Education and Increased Sustainability Awareness Notify all University groups about water sustainability and conservation concerns by email, handouts, published articles, and other methods, such as: stickers, buttons, and posters. A Conservation Awareness Team has been created to focus on disseminating information about the importance of water conservation. Evaluation and Identification of Specific Functional Areas that Offer Potential for Reduced Water Use. a. Conduct audits to determine how water is currently used. b. Identify potential areas for reduced use and best practices to replicate. Identification of Major Facilities Groups and Specific Facilities for Water Savings Measures. Break down of major groups into Utilities, Laboratories, Classrooms, Residential, and Other. Evaluation of Non-essential Water Use See D. Previous Water Conservation Measures, above, for list. Target Reduction Goal: Reduce water use by 10% or more relative to 1999-2000 baseline for square footage and population of facilities. Selected Actions and Timelines Jointly evaluating with OWASA the feasibility of reusing wastewater effluent for cooling towers and irrigation. If feasible, the timeline is July 2007 for system to be on-line. Install waterless urinals, where feasible, in new men’s restrooms. Capture and store rainwater for reuse in irrigation, where feasible. Continue education and awareness measures. Continue requirement for low water use fixtures in restrooms. Continue requirement for water efficient equipment.

3.

4.

5. F.

G. 1. 2. 3. 4. 5. 6.

H. Employee Education and Awareness Program UNC Chapel Hill Conservation Awareness Team was created to focus on the dissemination of the importance of water conservation and the education of the University community in the need to conserve water. UNC will provide notification across University to all groups of water sustainability and conservation concerns by e-mail, handouts, published articles, and other materials such as: stickers, buttons, and posters I. Maintenance Program UNC Chapel Hill staff have a high awareness of water conservation concerns and the individual facility maintenance personnel are alerted to the need for quick response to reporting of leaks. Facilities Services has an active preventive maintenance program that includes regular routine checks of water consuming equipment to minimize waste. Through the University, the Main Response is the UNC Work Management system, which is available by telephone, or on-line: Work Management Work Request Line: (919)962-3456 On-line Work Request: http://www.fac.unc.edu/CustomerService/workReq.asp J. Important Contacts Main Water Sustainability Contacts: UNC Sustainability Coordinator: Cindy Pollock Shea cpshea@fac.unc.edu (919)843-5251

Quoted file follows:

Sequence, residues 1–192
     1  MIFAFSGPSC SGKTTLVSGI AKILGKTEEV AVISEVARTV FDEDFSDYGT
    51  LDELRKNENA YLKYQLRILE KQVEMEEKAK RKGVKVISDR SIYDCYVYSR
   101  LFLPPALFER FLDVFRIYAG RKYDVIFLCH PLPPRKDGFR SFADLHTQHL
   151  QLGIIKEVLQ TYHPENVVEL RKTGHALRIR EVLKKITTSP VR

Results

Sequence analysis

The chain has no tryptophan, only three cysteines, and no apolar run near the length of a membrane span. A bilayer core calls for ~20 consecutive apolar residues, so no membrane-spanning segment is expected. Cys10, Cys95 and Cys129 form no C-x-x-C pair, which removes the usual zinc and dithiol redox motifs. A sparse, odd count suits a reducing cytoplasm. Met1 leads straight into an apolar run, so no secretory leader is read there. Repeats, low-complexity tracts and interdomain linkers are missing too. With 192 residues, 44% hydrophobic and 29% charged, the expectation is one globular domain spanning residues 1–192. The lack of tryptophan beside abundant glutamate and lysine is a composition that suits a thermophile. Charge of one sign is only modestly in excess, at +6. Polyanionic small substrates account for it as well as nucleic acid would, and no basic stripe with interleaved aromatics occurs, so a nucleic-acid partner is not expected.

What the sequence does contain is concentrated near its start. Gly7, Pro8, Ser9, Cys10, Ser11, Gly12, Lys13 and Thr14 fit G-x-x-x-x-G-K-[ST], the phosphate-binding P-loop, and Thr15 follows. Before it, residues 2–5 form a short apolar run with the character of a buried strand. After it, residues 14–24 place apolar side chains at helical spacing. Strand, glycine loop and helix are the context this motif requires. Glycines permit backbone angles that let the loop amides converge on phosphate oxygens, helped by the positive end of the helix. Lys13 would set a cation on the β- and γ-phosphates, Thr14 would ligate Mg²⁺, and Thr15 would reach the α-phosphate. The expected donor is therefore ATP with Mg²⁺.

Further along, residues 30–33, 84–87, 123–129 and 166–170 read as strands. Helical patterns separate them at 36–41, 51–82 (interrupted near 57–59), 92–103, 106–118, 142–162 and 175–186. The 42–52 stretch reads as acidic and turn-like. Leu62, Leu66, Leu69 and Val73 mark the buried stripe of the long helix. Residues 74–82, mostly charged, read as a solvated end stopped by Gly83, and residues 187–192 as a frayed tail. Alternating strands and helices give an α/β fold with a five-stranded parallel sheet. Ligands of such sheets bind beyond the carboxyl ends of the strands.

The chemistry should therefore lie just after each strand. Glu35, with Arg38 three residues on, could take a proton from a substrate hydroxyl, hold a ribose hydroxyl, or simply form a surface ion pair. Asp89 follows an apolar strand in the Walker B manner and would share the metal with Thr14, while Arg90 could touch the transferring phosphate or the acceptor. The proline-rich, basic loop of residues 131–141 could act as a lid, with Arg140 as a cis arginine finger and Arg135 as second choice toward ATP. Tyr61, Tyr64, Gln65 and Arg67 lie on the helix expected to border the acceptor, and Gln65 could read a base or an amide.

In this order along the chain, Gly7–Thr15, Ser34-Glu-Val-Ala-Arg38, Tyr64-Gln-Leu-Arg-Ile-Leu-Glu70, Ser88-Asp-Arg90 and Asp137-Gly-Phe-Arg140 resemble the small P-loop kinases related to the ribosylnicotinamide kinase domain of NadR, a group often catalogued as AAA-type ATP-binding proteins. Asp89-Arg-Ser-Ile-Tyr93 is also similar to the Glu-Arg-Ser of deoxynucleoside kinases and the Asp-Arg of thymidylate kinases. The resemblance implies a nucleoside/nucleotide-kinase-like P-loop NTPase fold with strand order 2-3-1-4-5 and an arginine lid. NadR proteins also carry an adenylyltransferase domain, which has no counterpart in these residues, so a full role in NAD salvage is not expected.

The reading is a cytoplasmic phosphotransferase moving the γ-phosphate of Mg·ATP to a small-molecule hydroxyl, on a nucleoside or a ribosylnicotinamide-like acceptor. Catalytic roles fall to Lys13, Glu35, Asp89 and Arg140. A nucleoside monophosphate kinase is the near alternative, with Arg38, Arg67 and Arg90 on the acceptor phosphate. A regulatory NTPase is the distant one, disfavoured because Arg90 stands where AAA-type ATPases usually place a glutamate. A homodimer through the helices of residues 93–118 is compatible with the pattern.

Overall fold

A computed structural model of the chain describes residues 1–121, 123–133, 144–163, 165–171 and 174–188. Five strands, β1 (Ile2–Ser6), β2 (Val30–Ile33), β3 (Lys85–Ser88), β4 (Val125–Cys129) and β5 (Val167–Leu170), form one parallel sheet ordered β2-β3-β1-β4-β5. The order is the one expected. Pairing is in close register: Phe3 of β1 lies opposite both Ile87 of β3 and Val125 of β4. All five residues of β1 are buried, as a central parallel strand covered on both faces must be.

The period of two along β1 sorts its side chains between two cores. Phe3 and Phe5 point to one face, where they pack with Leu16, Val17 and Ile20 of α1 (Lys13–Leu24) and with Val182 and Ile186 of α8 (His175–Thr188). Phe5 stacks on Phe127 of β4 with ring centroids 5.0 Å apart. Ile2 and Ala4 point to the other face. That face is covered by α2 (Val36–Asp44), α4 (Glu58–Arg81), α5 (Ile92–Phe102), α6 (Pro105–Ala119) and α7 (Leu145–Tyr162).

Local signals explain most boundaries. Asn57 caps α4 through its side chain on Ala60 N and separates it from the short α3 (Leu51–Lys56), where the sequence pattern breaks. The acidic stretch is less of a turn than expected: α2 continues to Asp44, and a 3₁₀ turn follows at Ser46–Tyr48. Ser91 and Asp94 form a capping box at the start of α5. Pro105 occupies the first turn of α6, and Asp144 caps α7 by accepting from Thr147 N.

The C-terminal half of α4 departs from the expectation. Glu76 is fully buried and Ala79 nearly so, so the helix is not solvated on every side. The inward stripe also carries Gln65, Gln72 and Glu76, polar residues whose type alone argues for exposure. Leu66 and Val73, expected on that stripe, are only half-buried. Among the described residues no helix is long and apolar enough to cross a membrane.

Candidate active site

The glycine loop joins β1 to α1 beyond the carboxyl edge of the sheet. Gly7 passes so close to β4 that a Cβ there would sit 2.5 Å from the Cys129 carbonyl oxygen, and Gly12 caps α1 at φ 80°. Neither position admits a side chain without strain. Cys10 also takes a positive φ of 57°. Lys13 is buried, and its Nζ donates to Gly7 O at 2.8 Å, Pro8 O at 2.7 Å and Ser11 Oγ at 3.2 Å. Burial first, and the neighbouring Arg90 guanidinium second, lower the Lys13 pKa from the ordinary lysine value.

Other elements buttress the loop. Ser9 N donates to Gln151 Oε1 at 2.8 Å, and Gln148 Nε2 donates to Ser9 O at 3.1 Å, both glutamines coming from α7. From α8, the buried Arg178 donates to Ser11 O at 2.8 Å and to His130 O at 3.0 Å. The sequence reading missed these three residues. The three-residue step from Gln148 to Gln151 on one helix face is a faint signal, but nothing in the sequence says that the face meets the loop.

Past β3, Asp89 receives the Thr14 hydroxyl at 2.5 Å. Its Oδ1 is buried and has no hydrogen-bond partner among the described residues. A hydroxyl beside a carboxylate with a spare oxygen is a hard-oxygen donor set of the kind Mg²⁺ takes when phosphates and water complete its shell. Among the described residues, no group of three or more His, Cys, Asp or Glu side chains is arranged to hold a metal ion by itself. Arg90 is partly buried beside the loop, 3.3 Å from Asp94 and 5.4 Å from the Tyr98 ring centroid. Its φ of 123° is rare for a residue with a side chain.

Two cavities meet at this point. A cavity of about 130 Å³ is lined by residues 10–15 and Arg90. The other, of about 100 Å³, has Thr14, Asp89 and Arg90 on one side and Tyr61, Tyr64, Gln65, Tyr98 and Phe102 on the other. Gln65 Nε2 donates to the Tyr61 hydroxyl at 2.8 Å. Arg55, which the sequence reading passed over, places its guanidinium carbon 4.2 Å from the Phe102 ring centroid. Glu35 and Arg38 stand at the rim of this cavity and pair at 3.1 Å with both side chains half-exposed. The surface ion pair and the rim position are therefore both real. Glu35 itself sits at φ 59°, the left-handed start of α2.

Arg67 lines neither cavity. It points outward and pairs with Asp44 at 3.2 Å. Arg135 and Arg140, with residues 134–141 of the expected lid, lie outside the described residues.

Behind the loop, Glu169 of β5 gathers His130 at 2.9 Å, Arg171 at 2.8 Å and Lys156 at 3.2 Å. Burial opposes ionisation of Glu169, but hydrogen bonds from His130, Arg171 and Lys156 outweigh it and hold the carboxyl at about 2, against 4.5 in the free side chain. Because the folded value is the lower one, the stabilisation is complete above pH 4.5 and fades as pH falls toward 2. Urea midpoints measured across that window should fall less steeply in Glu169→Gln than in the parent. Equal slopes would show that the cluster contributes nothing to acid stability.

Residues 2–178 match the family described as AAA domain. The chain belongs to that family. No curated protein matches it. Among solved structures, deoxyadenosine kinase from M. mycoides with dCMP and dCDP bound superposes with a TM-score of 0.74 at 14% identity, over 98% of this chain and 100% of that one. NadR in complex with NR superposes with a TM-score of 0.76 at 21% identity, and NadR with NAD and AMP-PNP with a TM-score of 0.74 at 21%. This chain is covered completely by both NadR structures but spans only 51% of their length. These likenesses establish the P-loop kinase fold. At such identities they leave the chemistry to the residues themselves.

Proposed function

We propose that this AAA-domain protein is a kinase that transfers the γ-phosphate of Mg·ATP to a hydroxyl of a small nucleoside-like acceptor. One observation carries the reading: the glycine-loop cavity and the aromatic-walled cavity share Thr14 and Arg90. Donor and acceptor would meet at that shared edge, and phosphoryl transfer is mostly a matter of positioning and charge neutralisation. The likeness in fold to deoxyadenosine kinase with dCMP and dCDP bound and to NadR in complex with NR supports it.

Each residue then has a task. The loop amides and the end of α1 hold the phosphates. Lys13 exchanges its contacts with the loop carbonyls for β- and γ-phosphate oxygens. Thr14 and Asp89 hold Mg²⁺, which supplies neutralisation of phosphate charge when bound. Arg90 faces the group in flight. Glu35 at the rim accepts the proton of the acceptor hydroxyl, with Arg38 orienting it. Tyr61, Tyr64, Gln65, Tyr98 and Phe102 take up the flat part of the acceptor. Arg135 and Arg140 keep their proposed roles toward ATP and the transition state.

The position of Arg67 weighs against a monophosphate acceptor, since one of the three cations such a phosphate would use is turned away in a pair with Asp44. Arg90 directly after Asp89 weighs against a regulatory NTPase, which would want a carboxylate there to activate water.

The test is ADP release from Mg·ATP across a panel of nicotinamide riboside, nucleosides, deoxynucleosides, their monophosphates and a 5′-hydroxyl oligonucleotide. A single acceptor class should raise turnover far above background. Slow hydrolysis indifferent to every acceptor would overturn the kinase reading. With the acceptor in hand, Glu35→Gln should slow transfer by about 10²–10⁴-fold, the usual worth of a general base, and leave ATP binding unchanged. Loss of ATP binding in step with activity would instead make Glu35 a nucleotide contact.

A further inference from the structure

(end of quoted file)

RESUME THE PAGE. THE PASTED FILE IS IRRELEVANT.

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UNC Chapel Hill Long Term Water Efficiency Plan July 28, 2004

UNC Water, Wastewater and Stormwater Manager: Margaret D. Holton mdholton@energy.unc.edu (919)843-0364 Facilities Services Contacts: Director of Building Services Steve Copeland (919)962-4633 stevec@fac.unc.edu Lab Mechanic II Durwood House (919)201-7757 dhouse@fac.unc.edu Preventive Maintenance, Work Management: Donnie Apple (919)962-4616 K. Essential Water Uses Bathrooms Chilled Water System Classrooms Cogeneration Facilities Drinking Fountains Food Services Housekeeping Irrigation Laboratories Patient Care Facilities

L. Continuous Improvement For FY 2004-2005, designated key members of UNC Chapel Hill including: EHS, Energy Services, Facilities Services, Grounds, Housekeeping, Sustainability, and Water, Wastewater and Stormwater will semiannually evaluate progress on specific actions, communicate successes, and designate new targets as necessary. This will be facilitated by the Water, Wastewater and Stormwater Manager. At the beginning of each subsequent fiscal year, the team will meet to reevaluate water conservation at UNC facilities, analyze progress and identify new targets for water efficiency. UNC will also review drought stages for the area and maintain awareness of drought status and any local regulatory changes affecting water use. In the event of a projected water shortage, UNC will follow the OWASA guidelines and restrictions, plus additional restrictions as noted in this plan.
Implemented this 28th day of July, 2004.

Director, Energy Services

Director, Facilities Services

Associate Vice Chancellor, Campus Services

This document serves as a Memorandum of Agreement to support Water Efficiency Planning for state government.

Director, State Energy Office

Date